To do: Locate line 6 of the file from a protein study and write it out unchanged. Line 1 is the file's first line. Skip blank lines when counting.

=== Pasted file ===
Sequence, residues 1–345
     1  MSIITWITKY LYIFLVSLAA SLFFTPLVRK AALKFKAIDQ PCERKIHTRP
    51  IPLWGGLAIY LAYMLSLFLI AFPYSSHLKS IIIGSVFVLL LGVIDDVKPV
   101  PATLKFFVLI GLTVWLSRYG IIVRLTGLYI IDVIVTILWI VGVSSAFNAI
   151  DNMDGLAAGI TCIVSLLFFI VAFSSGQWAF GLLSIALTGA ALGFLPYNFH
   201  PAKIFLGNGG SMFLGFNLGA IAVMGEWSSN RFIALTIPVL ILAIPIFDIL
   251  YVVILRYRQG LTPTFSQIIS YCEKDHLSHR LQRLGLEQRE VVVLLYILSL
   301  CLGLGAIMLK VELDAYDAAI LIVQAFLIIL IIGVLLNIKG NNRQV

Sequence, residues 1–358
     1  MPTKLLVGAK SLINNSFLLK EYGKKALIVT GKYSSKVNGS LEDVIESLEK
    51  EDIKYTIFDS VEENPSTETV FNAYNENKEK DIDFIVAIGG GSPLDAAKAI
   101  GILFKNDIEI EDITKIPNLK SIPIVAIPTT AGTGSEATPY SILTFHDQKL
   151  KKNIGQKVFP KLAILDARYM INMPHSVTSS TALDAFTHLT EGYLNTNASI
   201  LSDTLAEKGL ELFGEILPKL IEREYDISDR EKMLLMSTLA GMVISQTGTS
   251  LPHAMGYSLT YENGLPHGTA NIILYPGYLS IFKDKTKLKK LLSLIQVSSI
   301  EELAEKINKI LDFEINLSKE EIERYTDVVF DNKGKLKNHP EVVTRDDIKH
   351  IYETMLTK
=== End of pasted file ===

   201  PAKIFLGNGG SMFLGFNLGA IAVMGEWSSN RFIALTIPVL ILAIPIFDIL